Facing the challenges of wild plant ex situ preservation: The C-Flora and the Kew Cryosphere
Daniel Ballesteros, Millennium Seed Bank Partnership at Royal Botanic Gardens Kew
Wild plant species are highly biodiverse. Biodiversity is typically measured as variation at the genetic, species, and ecosystem levels. But, as a consequence, wild plant species are also highly diverse in their responses to preservation, and ex situ conservation of a wide range of wild plant species can become challenging. For example, ex situ conservation of wild plants, as with most crops, is broadly achieved by conventional dry seed storage at -18°C. Seeds that tolerate desiccation can be stored dry at sub-zero temperatures for extended periods of time. However, dry seeds and other plant propagules still deteriorate and eventually die during sub-zero storage, including at liquid nitrogen temperatures (i.e., < -150°C). The rates of deterioration are diverse depending on species and genotypes, and are influenced by the “dry architecture” of the propagule’s cells. Understanding this variation is essential to design strategies to increase longevity of seeds and other propagules in species with short life spans.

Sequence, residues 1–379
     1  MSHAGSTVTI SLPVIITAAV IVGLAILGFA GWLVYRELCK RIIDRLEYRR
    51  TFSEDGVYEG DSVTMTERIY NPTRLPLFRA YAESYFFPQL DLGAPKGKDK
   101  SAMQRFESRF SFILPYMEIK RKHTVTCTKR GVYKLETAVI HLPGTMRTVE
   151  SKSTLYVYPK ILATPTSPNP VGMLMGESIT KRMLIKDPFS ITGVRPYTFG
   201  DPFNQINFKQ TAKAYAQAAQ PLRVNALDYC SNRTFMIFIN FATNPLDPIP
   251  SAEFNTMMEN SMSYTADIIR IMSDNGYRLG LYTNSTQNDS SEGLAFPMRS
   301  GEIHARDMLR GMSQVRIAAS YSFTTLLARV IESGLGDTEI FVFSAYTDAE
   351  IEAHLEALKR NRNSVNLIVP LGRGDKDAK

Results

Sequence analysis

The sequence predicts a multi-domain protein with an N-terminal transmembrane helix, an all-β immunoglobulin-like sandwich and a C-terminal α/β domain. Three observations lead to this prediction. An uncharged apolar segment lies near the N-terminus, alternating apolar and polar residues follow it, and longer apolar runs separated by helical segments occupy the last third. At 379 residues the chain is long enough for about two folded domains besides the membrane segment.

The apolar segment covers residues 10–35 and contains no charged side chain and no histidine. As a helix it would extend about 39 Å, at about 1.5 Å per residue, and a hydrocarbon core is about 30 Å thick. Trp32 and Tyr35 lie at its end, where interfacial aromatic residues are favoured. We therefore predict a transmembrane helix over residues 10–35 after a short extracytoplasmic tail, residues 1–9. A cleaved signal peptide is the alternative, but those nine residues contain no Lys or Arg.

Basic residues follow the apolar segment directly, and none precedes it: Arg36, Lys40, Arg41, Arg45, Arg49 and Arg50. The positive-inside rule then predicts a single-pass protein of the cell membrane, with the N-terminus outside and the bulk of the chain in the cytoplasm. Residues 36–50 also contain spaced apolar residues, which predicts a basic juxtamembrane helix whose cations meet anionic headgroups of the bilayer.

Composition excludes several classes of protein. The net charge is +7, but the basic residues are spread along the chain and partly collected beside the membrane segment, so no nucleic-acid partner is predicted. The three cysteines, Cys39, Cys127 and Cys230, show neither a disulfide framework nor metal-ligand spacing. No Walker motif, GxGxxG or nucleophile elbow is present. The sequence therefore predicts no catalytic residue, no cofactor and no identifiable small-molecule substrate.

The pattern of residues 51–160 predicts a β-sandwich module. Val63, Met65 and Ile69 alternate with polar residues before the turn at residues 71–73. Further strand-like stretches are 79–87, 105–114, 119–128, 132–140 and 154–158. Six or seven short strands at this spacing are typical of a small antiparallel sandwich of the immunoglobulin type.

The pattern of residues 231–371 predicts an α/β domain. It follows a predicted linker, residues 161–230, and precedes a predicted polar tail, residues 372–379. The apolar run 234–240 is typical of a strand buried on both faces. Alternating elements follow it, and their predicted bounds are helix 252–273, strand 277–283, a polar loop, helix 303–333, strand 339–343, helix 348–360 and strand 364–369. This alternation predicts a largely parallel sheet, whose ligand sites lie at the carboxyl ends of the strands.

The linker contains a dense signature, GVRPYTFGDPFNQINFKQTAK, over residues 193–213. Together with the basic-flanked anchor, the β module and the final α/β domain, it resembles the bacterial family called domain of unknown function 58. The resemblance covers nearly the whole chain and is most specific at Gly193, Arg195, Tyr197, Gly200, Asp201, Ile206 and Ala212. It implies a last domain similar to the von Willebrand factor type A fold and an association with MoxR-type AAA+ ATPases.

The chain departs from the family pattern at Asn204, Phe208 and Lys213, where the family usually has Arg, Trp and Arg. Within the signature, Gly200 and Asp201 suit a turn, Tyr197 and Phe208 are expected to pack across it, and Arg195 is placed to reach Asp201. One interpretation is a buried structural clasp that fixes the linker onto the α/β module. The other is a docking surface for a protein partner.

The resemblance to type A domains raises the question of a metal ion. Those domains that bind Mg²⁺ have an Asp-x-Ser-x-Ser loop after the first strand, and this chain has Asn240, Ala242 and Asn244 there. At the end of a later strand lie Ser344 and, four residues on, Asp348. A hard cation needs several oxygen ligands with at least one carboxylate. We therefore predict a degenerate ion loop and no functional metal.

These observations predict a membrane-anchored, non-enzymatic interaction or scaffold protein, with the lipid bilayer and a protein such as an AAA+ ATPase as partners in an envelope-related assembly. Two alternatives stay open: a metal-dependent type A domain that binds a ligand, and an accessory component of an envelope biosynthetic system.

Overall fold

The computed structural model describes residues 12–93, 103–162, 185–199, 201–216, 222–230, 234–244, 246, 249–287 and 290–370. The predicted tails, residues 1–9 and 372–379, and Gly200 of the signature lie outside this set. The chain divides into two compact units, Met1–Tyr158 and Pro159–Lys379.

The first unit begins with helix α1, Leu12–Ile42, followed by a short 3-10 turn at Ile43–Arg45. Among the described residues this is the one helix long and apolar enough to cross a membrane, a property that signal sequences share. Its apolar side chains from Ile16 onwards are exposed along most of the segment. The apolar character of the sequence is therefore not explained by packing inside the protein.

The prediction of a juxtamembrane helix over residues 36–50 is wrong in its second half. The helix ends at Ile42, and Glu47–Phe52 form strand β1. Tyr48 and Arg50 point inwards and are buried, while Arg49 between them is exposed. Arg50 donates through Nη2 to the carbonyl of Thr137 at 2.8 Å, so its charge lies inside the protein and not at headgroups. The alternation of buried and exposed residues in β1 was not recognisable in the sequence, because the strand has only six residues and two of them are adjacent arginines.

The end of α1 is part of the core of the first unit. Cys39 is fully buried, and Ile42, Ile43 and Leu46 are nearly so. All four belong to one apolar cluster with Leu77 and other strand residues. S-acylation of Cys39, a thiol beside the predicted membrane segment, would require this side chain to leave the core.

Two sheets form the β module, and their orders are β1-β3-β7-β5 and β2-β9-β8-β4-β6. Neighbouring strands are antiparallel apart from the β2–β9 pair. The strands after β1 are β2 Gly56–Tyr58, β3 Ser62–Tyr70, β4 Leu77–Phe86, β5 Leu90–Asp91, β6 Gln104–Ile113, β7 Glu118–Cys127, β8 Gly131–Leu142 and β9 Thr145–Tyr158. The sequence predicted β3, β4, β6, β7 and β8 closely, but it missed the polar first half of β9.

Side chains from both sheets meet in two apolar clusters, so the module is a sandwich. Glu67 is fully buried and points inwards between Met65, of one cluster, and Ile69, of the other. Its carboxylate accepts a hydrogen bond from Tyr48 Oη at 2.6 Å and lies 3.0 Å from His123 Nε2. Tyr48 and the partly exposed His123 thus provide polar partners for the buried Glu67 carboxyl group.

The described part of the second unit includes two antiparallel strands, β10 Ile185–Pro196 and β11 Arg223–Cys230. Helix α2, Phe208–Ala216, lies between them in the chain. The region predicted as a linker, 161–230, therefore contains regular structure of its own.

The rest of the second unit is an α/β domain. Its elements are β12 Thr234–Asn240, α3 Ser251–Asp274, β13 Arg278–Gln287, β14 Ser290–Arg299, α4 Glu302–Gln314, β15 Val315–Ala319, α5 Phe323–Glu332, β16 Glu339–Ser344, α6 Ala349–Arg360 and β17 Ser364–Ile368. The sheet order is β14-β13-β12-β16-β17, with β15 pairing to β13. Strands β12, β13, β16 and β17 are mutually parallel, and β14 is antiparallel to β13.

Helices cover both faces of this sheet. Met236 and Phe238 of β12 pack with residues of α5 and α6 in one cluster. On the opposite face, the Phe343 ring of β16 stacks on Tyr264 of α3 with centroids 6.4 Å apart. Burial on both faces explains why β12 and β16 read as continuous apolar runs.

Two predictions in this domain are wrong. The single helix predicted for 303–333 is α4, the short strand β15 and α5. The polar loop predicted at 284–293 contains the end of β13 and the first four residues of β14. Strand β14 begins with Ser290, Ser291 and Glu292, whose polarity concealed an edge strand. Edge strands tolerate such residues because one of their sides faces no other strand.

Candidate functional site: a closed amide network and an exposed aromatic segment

In addition, not all plants produce seeds that tolerate drying and some succumb when stored ‘wet’ at -18°C. For example, about a half of tropical trees and some of the tree species that dominate temperate forests (such as, oaks) produce recalcitrant (i.e., desiccation sensitive) seeds. For these species, cryobiotechnology is the only approach for their long-term ex situ conservation. But cryobiotechnologies are not straight forward. Several challenges related to the manipulation of the plant samples, their drying, cooling, warming and in vitro propagation remain to be resolved. The C-Flora, or Cryo-Flora, defines a range of species and tissues that will enable a wide range of material to be preserved beyond conventional seed storage. Although immediate implementation is possible for diverse materials of the C-Flora, diverse research is needed. To overcome these research challenges, Royal Botanic Gardens, Kew, in its new Science Collection Strategy, highlights the need of a new space within Kew (the Kew Cryosphere), where innovative research, advanced training, and specialized infrastructure are framed to secure the conservation of non-orthodox germplasm of wild plant species using cryobiotechnological approaches.